Concerning a polarized plasma where the electrons accumulate near the hollow cathode surface and ions are left in the center to forma net positive space charge, how are the ions contained. There is no central virtual cathode, only a repulsive central vertual anode. I suppose there would be a zone between where the ions might find a minimal point in the opposing potential wells, but it seems that between the central virtual anode and the periferal virtual(?) and real cathode, that the ions would quickly stream to the solid cathode. Any charge build up would be minimal and such things as the Brillion limit(?) would preclude any useful fusion density. How you would get densities (irregardless of the amount of energy pumped into the system) that could result in 10^14 fusions/ second in such a small volume seems incredable. Of course the Brillion limit is apparently not an absolute limit, there may be workarounds such as the Polywell claims, and other research.

I suppose you could get such fusion rates if you pump in enough energy to maintain a ion density against heavy losses. Breakeven may not be possible, but it might make an impressive neutron source.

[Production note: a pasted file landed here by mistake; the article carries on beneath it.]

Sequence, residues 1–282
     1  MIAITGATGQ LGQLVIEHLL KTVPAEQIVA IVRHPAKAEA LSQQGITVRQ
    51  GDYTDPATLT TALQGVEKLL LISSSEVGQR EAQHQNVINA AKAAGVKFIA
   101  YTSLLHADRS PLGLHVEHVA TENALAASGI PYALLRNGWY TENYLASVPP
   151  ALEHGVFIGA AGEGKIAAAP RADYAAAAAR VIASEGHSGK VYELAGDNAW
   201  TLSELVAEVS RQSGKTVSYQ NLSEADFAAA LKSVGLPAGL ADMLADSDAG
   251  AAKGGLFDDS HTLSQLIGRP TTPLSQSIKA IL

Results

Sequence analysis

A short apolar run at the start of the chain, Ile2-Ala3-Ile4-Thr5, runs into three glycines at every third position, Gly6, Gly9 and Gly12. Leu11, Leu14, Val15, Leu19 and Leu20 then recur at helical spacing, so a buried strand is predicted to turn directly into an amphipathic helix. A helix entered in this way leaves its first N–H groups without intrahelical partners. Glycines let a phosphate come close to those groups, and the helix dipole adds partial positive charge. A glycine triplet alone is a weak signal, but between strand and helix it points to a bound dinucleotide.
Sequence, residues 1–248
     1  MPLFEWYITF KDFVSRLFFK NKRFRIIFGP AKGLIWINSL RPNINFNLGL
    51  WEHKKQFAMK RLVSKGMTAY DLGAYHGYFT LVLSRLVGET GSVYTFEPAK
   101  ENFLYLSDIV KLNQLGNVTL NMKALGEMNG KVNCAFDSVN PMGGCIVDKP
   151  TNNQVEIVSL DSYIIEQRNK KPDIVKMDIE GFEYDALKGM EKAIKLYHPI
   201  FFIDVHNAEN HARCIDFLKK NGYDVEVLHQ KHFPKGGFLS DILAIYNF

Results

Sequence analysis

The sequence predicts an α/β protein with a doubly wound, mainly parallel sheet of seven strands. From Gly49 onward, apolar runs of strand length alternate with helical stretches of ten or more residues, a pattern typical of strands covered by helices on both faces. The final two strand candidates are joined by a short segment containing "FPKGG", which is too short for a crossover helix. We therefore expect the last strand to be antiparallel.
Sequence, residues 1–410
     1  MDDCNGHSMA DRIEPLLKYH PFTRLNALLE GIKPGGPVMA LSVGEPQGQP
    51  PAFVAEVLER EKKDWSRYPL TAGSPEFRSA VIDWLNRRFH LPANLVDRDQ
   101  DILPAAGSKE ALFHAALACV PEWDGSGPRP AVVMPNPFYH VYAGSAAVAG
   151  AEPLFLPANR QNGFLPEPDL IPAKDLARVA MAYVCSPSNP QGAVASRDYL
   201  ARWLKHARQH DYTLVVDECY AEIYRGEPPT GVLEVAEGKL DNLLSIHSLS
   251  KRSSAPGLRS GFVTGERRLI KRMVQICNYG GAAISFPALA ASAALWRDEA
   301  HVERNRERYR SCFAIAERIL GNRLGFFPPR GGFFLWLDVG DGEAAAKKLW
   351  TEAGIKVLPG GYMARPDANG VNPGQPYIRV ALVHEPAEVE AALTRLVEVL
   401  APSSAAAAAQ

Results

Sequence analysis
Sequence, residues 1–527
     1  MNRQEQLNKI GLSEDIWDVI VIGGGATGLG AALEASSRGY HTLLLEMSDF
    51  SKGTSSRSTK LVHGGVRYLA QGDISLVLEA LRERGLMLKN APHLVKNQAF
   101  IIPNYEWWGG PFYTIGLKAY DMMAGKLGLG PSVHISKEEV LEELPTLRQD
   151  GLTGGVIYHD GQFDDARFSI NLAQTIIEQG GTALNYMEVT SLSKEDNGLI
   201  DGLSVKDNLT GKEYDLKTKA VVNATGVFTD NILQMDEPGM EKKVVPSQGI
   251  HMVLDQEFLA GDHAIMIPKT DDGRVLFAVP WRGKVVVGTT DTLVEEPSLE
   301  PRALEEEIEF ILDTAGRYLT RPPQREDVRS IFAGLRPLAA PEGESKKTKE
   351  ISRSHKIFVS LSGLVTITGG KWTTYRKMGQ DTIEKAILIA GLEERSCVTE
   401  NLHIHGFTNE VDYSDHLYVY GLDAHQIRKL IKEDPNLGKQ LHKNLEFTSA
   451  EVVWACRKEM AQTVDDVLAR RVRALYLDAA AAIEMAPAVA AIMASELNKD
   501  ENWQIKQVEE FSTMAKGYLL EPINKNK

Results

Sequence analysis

And, of course "heavy electrons" changres things considerably IF they exist and are not just an abstraction to describe what happens in some circuits.

Also, the hollow sphere looks like it might obey Gauss's Law to a fair degree. I think that would preclude the trapping of the electrons before they reached the cathode wall. Using the Elmore Tuck Watson design, the open grid traps electrons by pulling them back inside the grid once they have reached radii outside of the grid. Gauss Law precludes any effect on the electrons (or ions) within the positive grid. Only when the charged particles pass to greater radii or hit the grid is there an effect (acceleration).

After saying all this I admit that there are strange layers and complex relationships and dynamics in Fusor like devices, so your insights may be more applicable than my ... um...understanding. As you say, the experiment will tell.

Dan Tibbets

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Re: F.I.C.S. Fusion a new concept in fusion

Post by Steven Sesselmann » Sat Feb 04, 2012 9:43 pm

Chris,

Well I think we often forget to include ourselves in the equation. We like to calculate numbers around the event itself. We consider the two particles, their mass and their velocity, but pay little or no attention to number one, "the observer". You are the third element in the equation. Einstein paid attention to this and sorted out quite a few problems in his time.

Electrical potential and potential energy might turn out to be the same and it is not an absolute scale, rather it is a scale which is relative to you the observer.